Gross or Great? 8 of Korea’s Most Bizarre Foods

Every country has its fair share of… “delicacies”… and Korea is no exception.

While some of the country’s dishes are downright scary (both in appearance and taste), others are just unfamiliar concepts to the Western palate that work surprisingly well. Nevertheless, they are all components of Korea’s rich cultural and gastronomic heritage that should not simply be brushed off.

Below are eight of them. But I must warn you, reader: these dishes aren’t for the faint of stomach.

Beondegi (번데기)

If the thought of roasted silkworm larvae doesn’t turn you off, then the distinctive smell will.


And to make matters worse, beondegi boast a rather memorable flavor combination—a roasty, chewy, insecty fusion that leaves one hell of an aftertaste. These little guys are also sold canned, stewed in a buggy broth. On the upside, insects like beondegi, are a high-quality, low-fat protein that can boost your energy. So much so that scientists say they could potentially be the next big superfood.

Which I suppose is why Korean parents often give them to their kids as snacks—without telling them that they’re eating bugs, of course.

Seonji Haejangguk (선지해장국)

Coagulated ox blood hangover soup. I know your mouth is watering already.

After a night of too much drinking, Koreans often cure their hangovers by slurping up spicy, hot soup. (Which, I can personally say is quite effective.) But this particular variety, which features a moldy, gray, sponge-like chunk of coagulated blood, isn’t my cup of tea (or bowl of soup).

Dalkddongjib (닭똥집)

This little treat translates literally to “Chicken’s House of Poo” which, in essence, is chicken anus, a popular drinking food among Korean “salarymen.”


Dalkddongjib is usually steamed or stir-fried and is made with a seemingly harmless mix of oil, chili peppers and sesame seeds. The dish is a bit on the chewy side, but the flavor, I have to admit, isn’t all that bad. Then again, I guess anything is good when served with soju.

Gejang (게장)

Instead of being cooked, these little crabs are seasoned in various sauces, such as soy- or chili pepper-based sauce, fermented a bit and eaten raw. The entire creature is meant to be eaten, but the shells are still quite hard.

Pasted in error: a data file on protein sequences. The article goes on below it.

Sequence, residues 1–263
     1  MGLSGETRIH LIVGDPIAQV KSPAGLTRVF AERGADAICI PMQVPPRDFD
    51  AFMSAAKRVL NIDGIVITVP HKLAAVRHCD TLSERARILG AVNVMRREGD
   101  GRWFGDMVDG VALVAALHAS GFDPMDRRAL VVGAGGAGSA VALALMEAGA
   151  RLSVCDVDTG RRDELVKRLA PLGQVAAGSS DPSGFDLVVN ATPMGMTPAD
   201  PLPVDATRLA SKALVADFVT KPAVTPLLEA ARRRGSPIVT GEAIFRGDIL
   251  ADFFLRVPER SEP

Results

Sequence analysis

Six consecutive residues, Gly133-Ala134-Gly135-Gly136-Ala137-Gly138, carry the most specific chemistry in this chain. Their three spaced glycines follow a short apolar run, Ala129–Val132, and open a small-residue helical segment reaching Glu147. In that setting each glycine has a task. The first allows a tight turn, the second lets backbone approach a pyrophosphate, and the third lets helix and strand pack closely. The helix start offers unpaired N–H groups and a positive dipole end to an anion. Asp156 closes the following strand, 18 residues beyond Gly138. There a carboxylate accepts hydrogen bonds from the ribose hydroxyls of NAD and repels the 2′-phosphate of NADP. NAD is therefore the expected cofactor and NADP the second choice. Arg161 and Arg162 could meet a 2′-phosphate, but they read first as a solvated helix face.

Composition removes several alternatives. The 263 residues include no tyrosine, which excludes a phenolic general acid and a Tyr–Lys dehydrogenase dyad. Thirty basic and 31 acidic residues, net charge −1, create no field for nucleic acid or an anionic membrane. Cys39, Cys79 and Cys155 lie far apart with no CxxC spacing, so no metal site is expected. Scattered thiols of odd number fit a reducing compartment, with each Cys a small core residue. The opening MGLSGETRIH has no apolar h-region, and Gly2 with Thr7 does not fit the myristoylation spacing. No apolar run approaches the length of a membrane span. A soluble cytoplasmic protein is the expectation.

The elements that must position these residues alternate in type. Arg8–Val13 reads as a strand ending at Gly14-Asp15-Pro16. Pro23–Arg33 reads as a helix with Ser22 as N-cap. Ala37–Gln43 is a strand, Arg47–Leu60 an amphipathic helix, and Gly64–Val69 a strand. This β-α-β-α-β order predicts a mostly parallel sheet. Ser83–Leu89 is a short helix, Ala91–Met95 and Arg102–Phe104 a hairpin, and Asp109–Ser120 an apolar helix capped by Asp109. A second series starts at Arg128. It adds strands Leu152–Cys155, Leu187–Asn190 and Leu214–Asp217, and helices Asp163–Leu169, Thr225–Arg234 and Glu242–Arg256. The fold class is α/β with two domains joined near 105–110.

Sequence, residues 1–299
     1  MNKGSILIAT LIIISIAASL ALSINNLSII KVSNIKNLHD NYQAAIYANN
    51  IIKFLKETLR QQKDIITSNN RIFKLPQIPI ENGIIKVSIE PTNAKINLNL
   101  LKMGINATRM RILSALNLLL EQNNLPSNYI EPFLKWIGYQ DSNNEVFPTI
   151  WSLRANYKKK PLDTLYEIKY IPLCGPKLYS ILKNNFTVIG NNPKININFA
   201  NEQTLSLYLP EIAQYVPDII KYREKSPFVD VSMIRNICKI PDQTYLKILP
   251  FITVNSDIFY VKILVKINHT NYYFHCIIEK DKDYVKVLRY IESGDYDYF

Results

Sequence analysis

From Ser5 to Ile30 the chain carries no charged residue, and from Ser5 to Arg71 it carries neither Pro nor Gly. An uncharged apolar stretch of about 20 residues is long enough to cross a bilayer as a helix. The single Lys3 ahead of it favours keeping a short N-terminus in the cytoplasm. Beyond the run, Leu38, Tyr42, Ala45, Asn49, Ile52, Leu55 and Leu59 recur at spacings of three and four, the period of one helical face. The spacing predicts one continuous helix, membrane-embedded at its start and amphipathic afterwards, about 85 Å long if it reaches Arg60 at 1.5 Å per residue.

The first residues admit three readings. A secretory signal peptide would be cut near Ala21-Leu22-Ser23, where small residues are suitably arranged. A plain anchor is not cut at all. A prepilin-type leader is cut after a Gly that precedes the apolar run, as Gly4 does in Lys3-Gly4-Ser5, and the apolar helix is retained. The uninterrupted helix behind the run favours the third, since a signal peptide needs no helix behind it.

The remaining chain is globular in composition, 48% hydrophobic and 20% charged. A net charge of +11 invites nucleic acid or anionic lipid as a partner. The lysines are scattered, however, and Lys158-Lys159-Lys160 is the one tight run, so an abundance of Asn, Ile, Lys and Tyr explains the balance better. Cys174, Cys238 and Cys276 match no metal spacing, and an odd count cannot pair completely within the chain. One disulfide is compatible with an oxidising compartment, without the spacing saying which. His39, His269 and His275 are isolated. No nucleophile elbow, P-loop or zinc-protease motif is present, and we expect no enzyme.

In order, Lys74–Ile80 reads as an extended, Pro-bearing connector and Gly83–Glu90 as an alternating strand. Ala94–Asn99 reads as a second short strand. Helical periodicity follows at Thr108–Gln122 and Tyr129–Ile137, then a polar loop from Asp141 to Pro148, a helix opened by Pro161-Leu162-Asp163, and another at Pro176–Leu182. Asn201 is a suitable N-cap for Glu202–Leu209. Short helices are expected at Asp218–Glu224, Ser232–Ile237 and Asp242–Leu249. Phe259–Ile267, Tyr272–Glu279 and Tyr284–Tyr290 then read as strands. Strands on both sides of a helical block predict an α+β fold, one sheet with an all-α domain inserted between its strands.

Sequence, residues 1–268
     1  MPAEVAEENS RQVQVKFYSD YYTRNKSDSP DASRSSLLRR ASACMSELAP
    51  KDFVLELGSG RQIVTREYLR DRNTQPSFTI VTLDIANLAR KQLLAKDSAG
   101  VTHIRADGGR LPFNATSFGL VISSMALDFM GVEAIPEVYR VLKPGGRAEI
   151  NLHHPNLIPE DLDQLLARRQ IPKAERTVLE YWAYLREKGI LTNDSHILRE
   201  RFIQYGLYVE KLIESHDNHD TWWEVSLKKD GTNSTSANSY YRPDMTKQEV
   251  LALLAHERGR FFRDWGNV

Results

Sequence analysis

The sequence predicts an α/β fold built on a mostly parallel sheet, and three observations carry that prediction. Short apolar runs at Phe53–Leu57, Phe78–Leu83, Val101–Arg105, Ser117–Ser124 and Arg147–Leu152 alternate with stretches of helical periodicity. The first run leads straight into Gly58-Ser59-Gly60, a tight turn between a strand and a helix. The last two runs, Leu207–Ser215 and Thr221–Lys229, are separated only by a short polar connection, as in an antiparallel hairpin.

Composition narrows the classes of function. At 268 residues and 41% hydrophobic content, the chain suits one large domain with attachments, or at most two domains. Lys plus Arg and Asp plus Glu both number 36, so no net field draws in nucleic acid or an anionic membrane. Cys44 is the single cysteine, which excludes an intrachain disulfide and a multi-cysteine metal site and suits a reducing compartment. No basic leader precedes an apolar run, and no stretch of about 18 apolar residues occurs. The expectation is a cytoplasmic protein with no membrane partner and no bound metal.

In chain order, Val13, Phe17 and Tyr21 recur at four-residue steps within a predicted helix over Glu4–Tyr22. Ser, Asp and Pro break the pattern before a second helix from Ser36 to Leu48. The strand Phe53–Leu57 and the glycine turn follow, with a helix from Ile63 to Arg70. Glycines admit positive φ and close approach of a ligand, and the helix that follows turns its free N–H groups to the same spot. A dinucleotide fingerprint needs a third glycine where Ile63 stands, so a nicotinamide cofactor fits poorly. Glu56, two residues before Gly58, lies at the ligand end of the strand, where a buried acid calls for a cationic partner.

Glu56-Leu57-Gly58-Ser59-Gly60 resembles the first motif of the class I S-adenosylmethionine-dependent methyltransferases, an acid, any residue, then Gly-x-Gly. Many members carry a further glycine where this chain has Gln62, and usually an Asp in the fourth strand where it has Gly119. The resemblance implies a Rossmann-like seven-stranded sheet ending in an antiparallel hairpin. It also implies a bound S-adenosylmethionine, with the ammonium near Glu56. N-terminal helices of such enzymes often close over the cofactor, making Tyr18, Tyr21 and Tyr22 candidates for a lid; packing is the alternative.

This dish is especially popular in South Korea, and even has an entire alley dedicated to restaurants that serve up the specialty.

Hongeo (홍어)

Speaking of fermented seafood, hongeo, or fermented skate, is another one of the more bizarre—and one of the strongest smelling you will find in the entire world.

Image: Zen Kimchi

Skates, which look similar to rays, don’t urinate like other fish. Instead, they pass uric acid through their skin. When it is fermented, the uric acid breaks down into a compound which smells exactly like ammonia. The smell of this fish is so strong that some suggest inhaling through your mouth and breathing out through your nose to reduce exposure to the odor.

But, like chicken feet, they provide plenty of collagen, which might just be one of the reasons Koreans have such amazing skin.

Sannakji (산낙지)

Live octopus is perhaps one of the most famous on this list, thanks to its appearance in multiple travel shows, as well as Korea’s most famous movie, Oldboy. (Watch below for the full effect.)

When ordered, the chef will chop up the tentacles which will continue to squirm around when served. Diners then attempt to pry the bits of moving, sucking tentacle from their plates, dip them in a variety of sauces and finally revel in the strange taste sensation. Surprisingly, however, there’s not much flavor… but it sure is fresh.

Chewing is the most important part of dining on live octopus, as there have been cases (approximately six a year, in fact) in which the octopus has used its suction cups to grab onto the eater’s esophagus, thus choking them to death. Who would have thought that octopi could make their way to the top of the food chain?

Boshintang (보신탕)

To set the record straight, yes, dog is still eaten in Korea, despite what the government or media says. That being said, it is not a dish that is commonly eaten, and when it is, it’s usually by old men. For “stamina.”

In fact, most young Koreans are appalled at the fact that eating dog is still legal, especially considering the incredibly sad and abusive practices that are carried out in dog farming. It’s quite common to see animal rights organizations out and about, protesting dog farming, and if my guess is correct, the whole practice of eating dog will be outlawed within the next decade or so.

Gaebul (개불)

Take a look at this delicacy in action. Would it surprise you that this little creature is eaten as an aphrodisiac… for men?

Gaebul is a species of sea worm whose phallic appearance has earned it its nickname of “penis fish.” If that weren’t enough, chewing on gaebul results in an explosive spray of…salt water. This is also what it tastes like. Enough said.

Is your appetite adventurous enough to stomach these daring dishes? Which would you try? Leave them in the comments below.

Words by Mimsie Ladner of Seoul Searching. Content may not be reproduced unless authorized.